MGM Resorts Says Connecticut Should Hold Competitive Bidding Process After Judge Deals Blow to Tribal Plan
Posted on: October 3, 2018, 06:59h.
Last updated on: October 5, 2018, 11:58h.
MGM Resorts says its offer to build a $675 million commercial casino resort in Bridgeport, Connecticut, still stands after a federal judge’s decision has thrown a planned tribal satellite gaming facility in East Windsor into jeopardy.
In a statement to 22News WWLP, MGM said Connecticut lawmakers should “pass legislation calling for competitive bids on any new commercial casino.”
Federal District of Columbia Judge Rudolph Contreras ruled recently that the US Department of the Interior (DOI) has no legal obligation to issue decisions on revised gaming compacts among sovereign tribes and state governments.
The ruling effectively nullified the legality of a $300-$400 million satellite casino being jointly constructed by the Mashantucket Pequot and Mohegan Native Americans.
DOI Delivers DOA
Connecticut Governor Dannel Malloy (D) signed legislation into law last fall that authorized the state’s two tribes to construct the East Windsor gaming venue featuring 2,000 slot machines and 150 table games. However, it came with the condition that the DOI approve the casino on non-sovereign land would not void the revenue-sharing arrangements the state has in place at Foxwoods and Mohegan Sun.
The state is looking to protect its dwindling tax revenue that comes from the two tribal casinos. In 2007, the state’s 25 percent share equated to $430 million. In 2017, that number was down 38 percent to $267 million.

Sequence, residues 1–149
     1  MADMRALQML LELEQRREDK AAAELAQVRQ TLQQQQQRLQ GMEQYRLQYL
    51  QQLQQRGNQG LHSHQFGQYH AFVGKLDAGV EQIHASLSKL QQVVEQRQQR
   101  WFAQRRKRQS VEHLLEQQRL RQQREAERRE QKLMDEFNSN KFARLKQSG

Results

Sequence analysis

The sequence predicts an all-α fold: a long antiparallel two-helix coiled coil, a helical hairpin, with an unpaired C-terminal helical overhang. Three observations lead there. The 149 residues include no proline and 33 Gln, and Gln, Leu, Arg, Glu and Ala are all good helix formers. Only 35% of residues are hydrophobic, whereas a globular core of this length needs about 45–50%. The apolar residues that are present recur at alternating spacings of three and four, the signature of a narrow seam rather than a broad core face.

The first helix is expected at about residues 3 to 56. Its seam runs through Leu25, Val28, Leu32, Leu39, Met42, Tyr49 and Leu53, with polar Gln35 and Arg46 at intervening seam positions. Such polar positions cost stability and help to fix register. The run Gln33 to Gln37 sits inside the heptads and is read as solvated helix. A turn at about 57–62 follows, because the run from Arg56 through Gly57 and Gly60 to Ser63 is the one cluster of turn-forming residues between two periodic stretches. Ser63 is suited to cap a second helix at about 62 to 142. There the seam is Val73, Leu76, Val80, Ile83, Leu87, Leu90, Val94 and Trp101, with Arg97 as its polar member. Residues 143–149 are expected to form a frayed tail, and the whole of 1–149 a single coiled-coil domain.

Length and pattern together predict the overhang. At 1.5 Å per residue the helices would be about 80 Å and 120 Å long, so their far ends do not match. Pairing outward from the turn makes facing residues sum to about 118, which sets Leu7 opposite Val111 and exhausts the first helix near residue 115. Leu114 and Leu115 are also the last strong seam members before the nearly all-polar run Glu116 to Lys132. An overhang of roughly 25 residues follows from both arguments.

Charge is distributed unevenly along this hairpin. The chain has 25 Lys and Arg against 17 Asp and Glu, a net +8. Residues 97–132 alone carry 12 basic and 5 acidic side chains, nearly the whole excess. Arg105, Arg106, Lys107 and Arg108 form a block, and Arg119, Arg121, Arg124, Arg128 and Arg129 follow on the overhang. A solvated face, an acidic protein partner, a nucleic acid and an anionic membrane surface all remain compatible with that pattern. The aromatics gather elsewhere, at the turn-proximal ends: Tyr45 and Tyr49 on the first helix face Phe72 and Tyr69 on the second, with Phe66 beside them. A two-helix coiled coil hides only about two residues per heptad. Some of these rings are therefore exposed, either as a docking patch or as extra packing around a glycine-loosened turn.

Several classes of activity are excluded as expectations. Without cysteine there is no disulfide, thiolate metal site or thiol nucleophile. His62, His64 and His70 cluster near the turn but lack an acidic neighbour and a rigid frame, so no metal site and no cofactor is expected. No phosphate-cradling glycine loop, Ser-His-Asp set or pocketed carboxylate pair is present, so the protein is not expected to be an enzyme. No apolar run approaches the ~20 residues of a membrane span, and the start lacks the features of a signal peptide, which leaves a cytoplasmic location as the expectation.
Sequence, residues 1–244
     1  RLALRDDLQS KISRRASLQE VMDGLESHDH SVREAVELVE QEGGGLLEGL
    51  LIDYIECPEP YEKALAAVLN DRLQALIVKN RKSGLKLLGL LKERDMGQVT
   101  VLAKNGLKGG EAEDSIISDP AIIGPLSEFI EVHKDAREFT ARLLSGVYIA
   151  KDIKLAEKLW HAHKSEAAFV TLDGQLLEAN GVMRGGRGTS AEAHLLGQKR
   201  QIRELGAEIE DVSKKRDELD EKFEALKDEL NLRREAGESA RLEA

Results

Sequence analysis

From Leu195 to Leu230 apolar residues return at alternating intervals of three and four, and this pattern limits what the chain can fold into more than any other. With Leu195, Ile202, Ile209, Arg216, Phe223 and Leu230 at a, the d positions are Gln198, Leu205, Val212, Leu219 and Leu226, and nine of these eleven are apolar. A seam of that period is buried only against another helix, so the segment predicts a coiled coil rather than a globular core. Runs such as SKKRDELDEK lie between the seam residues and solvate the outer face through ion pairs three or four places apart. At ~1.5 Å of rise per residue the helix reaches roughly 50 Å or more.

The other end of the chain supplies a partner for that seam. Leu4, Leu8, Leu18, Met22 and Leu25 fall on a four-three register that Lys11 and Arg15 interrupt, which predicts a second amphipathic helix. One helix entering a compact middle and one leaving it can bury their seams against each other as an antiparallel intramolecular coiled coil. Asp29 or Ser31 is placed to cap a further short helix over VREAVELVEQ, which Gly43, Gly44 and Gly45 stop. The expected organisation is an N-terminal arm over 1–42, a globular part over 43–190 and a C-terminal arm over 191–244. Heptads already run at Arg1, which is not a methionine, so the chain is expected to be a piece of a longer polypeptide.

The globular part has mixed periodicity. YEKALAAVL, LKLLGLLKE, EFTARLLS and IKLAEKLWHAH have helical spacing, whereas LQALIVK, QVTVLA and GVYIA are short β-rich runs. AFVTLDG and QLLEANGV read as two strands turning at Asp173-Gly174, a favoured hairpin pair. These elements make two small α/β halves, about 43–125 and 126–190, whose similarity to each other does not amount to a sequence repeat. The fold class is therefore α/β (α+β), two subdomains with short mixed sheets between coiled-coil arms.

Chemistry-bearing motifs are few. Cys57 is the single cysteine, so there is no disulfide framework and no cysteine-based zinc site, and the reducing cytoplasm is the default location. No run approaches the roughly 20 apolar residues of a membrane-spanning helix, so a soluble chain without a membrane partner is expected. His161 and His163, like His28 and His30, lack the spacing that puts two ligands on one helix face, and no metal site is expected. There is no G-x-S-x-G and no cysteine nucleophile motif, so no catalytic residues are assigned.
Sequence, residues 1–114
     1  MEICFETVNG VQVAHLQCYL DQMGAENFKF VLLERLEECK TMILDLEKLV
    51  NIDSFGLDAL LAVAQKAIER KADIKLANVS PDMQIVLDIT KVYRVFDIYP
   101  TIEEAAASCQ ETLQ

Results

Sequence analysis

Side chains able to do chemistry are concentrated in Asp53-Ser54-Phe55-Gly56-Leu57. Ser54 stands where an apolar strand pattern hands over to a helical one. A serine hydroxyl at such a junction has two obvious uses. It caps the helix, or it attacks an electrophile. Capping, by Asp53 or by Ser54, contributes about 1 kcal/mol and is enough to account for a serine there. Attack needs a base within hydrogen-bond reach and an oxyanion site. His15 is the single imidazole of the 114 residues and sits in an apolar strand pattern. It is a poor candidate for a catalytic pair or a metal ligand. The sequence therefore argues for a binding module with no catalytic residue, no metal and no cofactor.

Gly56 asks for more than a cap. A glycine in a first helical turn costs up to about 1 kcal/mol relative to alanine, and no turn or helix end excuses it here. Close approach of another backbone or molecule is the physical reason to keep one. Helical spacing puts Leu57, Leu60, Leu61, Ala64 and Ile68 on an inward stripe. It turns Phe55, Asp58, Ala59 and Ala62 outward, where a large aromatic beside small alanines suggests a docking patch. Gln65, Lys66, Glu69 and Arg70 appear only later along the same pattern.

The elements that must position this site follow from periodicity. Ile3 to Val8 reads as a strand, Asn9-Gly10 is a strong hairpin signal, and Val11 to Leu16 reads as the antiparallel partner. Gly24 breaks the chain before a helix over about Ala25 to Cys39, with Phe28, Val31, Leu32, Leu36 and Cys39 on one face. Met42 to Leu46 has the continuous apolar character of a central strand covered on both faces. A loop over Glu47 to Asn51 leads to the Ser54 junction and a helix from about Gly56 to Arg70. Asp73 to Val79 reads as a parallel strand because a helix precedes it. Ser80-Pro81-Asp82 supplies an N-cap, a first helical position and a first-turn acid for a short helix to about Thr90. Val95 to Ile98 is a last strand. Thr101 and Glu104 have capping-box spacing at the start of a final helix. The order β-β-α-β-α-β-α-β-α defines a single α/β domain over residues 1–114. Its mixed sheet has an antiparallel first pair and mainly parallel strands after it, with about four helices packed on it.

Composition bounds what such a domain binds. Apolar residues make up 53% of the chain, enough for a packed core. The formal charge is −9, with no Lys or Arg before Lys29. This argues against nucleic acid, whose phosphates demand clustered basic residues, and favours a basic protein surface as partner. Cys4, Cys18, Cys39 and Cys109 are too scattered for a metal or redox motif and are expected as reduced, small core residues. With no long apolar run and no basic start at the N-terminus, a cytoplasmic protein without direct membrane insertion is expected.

The August opening of the $960 million MGM Springfield casino just five miles north of the Massachusetts-Connecticut border is seen as a further threat to cut gross gambling revenue at Foxwoods and Mohegan Sun.
Now, it appears MGM Springfield will retain its gaming monopoly on the region, and presumably poach some Connecticut residents to its casino floor.
When the Connecticut Assembly reconvenes in 2019, lawmakers will be tasked with deciding which course of action, if any, to take in deciding the future of gambling in the state. Bridgeport representatives introduced legislation during the last session to revoke the East Windsor license in favor of holding a competitive bidding process where both commercial and tribal groups could present proposals.
That would, however, cancel the tribes’ gaming compacts and allow them to operate Foxwoods and Mohegan Sun without sharing a nickel with the state. MGM contests that the state’s decision to allow the Mashantucket and Mohegan tribes to operate a casino on non-sovereign land would have legalized commercial gambling.
The thorough and unambiguous federal court ruling can only be seen as a clear rejection of the Tribes’ insistent efforts to obtain a no-bid commercial casino license in Connecticut,” MGM Resorts said in a statement.
MGM’s pitch is that just as the casino operator did in Springfield, an integrated resort in Bridgeport would revitalize the struggling city and provide much-needed jobs, tourism, and taxes. MGM has pledged a $50 million license fee, minimum $675 million investment, and $8 million in annual aid to Bridgeport.
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